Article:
We’ve been counseled by healthcare leaders that one answer to our financial and quality challenges, that our industry is facing this decade and beyond, is to innovate, transform or alter the things we have been doing for decades to create a new healthcare model for the 21st century. But despite all of these warnings by healthcare futurists about the importance of innovation at most healthcare organizations their staff and co-workers are still not putting forth new and better ideas to face these challenges. All management hears is the same old tired refrain from their employees of “I’m too busy to think of new ideas, let alone get everything done that is being asked of me and, by the way, isn’t this somebody else’s job to come up with bright ideas?”
Is this really the right answer? A recent study at the University of Kansas where hundreds of employees ranging from managers to stock clerks were asked “why they don’t innovate” found that the real answer to why we aren’t innovating more is that our employees don’t want to risk looking stupid, provoking anger or standing out from their peers. The technical term for this phenomenon that was coined by the authors (Feirong Yuan and Richard W. Woodman) of this study is “image risks” or avoiding unfavorable social impressions from their peers who are comfortable with the status quo.
It’s almost like these individuals are back in elementary school where they don’t want their friends and schoolmates to think negatively of them for asking too many questions or getting the top grades in their class. And then, they call the people who do so “nerds” which I guess makes them feel better about themselves.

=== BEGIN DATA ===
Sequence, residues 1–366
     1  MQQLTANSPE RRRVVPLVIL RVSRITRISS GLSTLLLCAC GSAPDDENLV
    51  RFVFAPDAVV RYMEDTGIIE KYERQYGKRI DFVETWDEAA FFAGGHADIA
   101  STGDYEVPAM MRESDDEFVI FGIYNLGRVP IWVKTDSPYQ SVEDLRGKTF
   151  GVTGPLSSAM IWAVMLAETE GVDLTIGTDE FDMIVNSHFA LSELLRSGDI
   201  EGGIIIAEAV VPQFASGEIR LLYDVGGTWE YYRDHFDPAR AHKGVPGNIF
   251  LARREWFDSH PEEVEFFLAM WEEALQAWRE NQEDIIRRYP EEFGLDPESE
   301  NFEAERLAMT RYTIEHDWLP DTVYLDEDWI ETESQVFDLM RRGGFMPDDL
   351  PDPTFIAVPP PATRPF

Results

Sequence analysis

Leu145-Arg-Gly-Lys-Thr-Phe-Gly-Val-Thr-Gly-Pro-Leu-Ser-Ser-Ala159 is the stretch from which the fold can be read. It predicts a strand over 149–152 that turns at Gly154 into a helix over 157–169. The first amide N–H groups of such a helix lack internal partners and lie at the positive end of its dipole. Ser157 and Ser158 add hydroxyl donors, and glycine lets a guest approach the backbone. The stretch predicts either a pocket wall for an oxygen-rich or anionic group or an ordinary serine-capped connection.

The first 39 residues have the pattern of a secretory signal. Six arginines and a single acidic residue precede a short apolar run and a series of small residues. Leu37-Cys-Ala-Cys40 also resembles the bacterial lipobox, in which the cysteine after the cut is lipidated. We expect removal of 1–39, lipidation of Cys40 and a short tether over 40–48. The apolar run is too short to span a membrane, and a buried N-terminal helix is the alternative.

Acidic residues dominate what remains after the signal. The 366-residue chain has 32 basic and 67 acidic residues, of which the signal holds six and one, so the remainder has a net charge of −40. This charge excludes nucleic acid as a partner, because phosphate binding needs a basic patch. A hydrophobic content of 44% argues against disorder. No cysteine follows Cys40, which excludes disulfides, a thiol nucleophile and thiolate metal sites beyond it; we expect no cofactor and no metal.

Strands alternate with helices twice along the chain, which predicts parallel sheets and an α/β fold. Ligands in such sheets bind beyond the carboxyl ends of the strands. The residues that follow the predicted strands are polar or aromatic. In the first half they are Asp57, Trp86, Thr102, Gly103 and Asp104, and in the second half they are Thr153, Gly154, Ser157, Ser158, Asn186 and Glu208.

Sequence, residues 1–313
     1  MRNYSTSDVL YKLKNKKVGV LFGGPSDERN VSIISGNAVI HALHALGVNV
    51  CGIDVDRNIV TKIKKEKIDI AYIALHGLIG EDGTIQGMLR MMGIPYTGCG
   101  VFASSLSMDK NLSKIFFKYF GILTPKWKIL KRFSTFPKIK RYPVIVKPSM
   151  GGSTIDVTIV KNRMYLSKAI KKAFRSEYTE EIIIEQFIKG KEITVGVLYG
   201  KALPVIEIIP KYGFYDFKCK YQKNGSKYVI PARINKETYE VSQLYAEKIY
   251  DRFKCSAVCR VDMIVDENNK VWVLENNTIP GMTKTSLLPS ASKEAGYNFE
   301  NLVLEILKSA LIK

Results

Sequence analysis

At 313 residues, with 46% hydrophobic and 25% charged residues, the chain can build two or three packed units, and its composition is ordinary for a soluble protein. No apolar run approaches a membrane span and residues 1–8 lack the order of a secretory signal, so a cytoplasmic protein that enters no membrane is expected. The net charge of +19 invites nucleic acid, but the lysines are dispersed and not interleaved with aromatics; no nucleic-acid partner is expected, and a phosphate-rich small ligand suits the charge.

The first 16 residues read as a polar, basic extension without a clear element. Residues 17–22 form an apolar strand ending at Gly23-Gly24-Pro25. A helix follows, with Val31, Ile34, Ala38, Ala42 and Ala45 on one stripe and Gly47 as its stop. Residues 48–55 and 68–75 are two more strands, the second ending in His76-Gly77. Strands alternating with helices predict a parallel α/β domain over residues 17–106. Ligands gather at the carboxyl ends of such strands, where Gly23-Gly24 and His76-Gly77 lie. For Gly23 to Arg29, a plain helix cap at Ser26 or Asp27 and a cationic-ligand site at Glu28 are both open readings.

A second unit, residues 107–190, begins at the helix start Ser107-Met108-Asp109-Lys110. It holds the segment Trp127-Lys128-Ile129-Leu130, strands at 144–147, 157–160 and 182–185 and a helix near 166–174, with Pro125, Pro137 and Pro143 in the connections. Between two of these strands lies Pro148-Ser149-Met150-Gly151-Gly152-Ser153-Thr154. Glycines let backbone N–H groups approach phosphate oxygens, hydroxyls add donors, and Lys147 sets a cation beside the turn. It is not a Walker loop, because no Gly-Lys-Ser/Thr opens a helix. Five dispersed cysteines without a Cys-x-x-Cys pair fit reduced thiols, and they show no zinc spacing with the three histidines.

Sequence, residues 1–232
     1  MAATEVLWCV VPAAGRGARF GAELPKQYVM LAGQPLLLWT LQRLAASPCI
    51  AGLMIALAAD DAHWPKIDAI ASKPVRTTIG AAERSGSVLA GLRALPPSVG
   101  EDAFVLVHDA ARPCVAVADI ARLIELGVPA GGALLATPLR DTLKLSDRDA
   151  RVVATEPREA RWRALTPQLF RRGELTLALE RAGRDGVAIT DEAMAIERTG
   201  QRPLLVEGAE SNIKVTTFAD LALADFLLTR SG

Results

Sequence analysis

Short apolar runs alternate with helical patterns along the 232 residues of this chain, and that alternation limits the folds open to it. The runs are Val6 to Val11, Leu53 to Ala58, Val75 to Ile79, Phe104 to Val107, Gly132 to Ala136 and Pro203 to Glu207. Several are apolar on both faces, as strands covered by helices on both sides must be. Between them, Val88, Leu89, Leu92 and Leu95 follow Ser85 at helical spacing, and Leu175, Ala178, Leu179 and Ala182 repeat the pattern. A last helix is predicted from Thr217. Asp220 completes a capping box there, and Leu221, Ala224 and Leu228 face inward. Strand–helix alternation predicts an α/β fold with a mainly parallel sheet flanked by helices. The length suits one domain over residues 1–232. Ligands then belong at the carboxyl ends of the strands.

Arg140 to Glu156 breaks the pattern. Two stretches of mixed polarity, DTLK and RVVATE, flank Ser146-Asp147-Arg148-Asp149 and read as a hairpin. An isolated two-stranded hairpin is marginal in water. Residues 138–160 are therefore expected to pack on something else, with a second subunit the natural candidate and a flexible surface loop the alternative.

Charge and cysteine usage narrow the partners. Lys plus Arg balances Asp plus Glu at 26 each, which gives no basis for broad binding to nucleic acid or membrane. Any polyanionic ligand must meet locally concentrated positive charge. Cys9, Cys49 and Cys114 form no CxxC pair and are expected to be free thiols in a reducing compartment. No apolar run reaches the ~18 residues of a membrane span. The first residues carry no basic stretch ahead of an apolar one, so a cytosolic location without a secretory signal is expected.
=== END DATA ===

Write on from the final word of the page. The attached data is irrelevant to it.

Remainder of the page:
Fortunately, the authors discovered that the answer to this “image risk” problem is for healthcare leaders to support innovation at their hospitals, systems and IDNs by creating a sense of psychological safety by providing an environment in which differences are tolerated and people feel free to approach problems in new ways.
From my experience, “image risks” can be reduced by rewarding your employees for their new ideas as opposed to criticizing or ignoring them. I can remember, some years ago, at a value analysis team meeting that I was facilitating that the President of the hospital came unannounced to the team meeting and proceeded to handout theater tickets to all team members for their good innovative work they were doing. This is the leadership support I’m talking about!
So now you know, the real reason your staff and co-workers won’t innovate isn’t because they are too busy, but because they are afraid to look foolish or don’t want aggravate their co-workers. But healthcare leaders can have a big impact on this problem, if and when, they decide to make innovation a normal acceptable and rewarding part of every employee’s job.
Robert T. Yokl
Chief Value Strategist
Strategic Value Analysis® in Healthcare